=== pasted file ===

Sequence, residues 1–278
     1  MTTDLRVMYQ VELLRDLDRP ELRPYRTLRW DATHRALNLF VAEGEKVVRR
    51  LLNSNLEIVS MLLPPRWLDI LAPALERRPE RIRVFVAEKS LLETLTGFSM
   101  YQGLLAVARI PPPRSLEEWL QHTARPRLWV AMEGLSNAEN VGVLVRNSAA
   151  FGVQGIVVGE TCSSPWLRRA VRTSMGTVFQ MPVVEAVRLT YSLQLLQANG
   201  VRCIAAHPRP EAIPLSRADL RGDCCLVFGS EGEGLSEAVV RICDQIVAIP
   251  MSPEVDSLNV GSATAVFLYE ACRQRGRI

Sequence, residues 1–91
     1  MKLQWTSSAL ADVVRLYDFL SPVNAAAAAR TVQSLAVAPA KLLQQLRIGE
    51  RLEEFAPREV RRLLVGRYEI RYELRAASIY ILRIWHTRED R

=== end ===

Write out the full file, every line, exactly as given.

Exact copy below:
Sequence, residues 1–278
     1  MTTDLRVMYQ VELLRDLDRP ELRPYRTLRW DATHRALNLF VAEGEKVVRR
    51  LLNSNLEIVS MLLPPRWLDI LAPALERRPE RIRVFVAEKS LLETLTGFSM
   101  YQGLLAVARI PPPRSLEEWL QHTARPRLWV AMEGLSNAEN VGVLVRNSAA
   151  FGVQGIVVGE TCSSPWLRRA VRTSMGTVFQ MPVVEAVRLT YSLQLLQANG
   201  VRCIAAHPRP EAIPLSRADL RGDCCLVFGS EGEGLSEAVV RICDQIVAIP
   251  MSPEVDSLNV GSATAVFLYE ACRQRGRI

Sequence, residues 1–91
     1  MKLQWTSSAL ADVVRLYDFL SPVNAAAAAR TVQSLAVAPA KLLQQLRIGE
    51  RLEEFAPREV RRLLVGRYEI RYELRAASIY ILRIWHTRED R